Basically, they can't be trusted to act professionally around coworkers, which is a load of crap. (Whether we're talking about the women or the players themselves acting professionally is irrelevant, by the way.) They'd never make a male employee leave a bar or restaurant if they ran into a player. They'd never make a male member of the Ice Crew stand outside in 20 degree temperatures with no clothes on.

It's pretty ridiculous that any organization would treat female employees and male employees who do the same job with different standards, but that's pretty clearly what the Flyers and many other NHL teams were (and still are) doing.

'Fixing' it just made things worse

That double standard between the men and women on the Ice Crew carried over to start the 2014 preseason, when, in response to the issues facing the Ice Girls, they decided to put only men on the ice.

Their solution to fixing all of these problems -- whether we're talking about the Ice Girls' uniforms, their working conditions or both -- was to simply get rid of the women.

ice bros

The crowd didn't like it, and they booed the Ice Bros every time they took the ice. Here's how the team reacted to that:

"When Flyers fans voice their concerns, we listen, because they are undeniably the most passionate and knowledgeable fans in all of sports. After two preseason games evaluating the program, we've decided to welcome the return of the Flyers Ice Team, beginning on opening night. We'll look to assemble a team that is fan friendly, and represents the Flyers well both on the ice and in the community."

We'll go out on a really shaky limb here and guess that the booing or the subsequent "evaluation" had nothing to do with the double standard set between the men and women over the last several seasons, or the working conditions that the women had to deal with. Nor did it have anything to do with the fact that the women lost the opportunity for a job this fall while the men didn't.

These were just boorish male hockey fans angry that their eye candy was taken away, and a hockey club that listened because that group was loud during a pair of preseason games.

In one sense, it's a good thing that the Ice Girls are coming back, because it's obviously pretty damn unfair that just the women were not given the opportunity to return this fall while the men were. But there's also no reason to think that the problems which led to the Flyers getting rid of the Ice Girls in the first place will be fixed.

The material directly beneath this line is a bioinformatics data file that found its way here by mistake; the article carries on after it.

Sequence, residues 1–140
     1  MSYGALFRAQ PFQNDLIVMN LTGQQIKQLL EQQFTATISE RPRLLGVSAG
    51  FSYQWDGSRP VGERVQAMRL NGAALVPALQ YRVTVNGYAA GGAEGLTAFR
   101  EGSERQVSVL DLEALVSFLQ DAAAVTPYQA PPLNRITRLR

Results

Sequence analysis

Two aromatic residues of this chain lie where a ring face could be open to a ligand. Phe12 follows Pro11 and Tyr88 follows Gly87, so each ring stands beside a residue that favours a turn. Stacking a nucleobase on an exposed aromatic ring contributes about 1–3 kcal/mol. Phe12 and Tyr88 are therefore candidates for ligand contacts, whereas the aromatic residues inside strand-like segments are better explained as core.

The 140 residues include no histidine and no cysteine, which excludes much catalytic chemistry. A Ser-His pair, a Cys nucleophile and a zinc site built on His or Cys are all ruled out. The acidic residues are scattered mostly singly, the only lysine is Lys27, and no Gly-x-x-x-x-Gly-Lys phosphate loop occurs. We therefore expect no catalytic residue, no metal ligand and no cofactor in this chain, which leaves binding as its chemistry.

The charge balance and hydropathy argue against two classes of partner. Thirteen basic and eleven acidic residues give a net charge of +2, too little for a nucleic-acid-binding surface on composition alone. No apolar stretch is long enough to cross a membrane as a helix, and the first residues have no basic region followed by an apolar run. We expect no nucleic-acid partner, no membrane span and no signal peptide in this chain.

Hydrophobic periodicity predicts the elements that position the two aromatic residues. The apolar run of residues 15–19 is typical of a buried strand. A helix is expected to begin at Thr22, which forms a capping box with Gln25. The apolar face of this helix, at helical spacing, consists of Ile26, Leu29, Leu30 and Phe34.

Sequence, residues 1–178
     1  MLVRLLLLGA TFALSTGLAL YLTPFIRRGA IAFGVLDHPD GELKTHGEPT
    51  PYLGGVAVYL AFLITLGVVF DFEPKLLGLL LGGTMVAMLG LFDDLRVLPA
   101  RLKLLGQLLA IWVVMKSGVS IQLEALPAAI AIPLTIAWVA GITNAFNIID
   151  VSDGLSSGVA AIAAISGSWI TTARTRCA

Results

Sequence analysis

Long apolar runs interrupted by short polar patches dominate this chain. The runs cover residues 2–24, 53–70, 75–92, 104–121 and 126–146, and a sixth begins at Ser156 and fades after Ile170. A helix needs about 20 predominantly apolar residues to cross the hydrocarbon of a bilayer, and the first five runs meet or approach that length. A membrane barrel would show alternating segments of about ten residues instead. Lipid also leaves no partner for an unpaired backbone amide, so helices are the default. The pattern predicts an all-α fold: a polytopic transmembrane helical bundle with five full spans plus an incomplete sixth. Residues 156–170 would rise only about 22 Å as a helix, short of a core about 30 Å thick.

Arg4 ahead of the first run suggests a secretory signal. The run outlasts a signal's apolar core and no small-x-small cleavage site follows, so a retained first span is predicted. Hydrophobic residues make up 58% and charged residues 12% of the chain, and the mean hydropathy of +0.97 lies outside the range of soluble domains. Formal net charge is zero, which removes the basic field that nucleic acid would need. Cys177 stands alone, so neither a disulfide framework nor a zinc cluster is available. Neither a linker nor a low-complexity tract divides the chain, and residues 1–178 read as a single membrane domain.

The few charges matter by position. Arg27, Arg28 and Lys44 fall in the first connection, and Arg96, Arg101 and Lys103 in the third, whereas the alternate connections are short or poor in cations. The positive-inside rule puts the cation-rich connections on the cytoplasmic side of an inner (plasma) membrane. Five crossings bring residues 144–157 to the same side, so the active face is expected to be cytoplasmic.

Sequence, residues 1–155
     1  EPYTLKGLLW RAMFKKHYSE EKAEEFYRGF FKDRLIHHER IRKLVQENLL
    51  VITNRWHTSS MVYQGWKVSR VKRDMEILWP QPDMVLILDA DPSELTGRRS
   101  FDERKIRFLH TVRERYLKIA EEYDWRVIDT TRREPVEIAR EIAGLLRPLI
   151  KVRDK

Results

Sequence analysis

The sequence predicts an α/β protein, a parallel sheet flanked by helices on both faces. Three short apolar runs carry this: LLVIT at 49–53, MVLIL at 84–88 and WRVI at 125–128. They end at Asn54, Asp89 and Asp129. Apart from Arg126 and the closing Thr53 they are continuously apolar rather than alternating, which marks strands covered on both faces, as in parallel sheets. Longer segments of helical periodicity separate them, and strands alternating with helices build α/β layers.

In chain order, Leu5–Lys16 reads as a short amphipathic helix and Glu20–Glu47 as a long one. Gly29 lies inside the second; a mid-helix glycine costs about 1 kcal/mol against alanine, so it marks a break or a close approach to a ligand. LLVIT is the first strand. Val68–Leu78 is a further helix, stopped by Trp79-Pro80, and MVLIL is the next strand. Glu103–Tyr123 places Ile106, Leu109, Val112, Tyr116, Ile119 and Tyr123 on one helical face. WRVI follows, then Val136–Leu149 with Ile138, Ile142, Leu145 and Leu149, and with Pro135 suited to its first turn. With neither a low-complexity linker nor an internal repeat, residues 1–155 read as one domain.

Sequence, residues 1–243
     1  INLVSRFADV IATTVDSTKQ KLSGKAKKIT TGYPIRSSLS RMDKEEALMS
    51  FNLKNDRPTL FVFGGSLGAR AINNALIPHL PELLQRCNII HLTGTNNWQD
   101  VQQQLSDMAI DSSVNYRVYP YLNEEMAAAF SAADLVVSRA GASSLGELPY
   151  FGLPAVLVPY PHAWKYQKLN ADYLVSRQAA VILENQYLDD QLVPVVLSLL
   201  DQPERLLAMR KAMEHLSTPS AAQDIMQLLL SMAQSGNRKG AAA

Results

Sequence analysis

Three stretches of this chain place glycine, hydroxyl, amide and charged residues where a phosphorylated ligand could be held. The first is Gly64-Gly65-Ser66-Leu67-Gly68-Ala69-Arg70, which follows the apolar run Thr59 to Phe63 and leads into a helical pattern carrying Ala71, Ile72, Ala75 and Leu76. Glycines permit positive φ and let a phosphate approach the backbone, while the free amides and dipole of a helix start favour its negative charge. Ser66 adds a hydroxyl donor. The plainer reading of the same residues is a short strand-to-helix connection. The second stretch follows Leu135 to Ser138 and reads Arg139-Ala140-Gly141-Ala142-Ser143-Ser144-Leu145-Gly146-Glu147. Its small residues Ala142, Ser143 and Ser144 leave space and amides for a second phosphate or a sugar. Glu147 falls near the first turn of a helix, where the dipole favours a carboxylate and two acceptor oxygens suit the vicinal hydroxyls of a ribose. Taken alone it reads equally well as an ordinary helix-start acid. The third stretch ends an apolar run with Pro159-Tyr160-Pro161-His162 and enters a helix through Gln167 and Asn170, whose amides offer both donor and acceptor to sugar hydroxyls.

If brought back, will the Ice Girls be able to stay at a bar if a player walks in? Will they be able to put on pants and sleeves when working outside in the middle of winter? Will they be able to eat a damn thing of crab fries without hiding in a corner?

We tried to ask the Flyers organization about all of this. We called Shawn Tilger, the Flyers chief operating officer in charge of business operations. Our called was returned by Ike Richman, a spokesperson for Comcast-Spectacor, who tersely and combatively referred us to the statement and video you see above. He claimed that "You're the only one's asking any questions" and he repeated the "The fans spoke and we listened" line.

But we're not the only ones asking questions. As evidenced by that sample we shared above, or any peek right this second at the Flyers official Facebook page, there are plenty of fans that have questions. We wanted to ask about the working conditions issues raised in the Mother Jones story from June. We wanted why the women were not brought back in any form to start preseason, while the men were. We were not given the opportunity to ask anything.

There's an easy solution here

It would be incredibly simple to fix this.

Bring back the Ice Girls, and put them in the same outfit as the Ice Guys. Model whatever new hoodie or tshirt you're trying to sell each night and let them do their jobs -- clearing the ice during games, appearing at public functions, greeting fans at the door when they show up at the arena, etc.

And then, once the women return, treat them like people who are equal to the men who do the exact same job.

This won't appease one loud segment of the crowd, who will boo until they see cleavage and bare legs on the ice again. But it's the right thing to do in just about every possible way. Do the right thing, Flyers.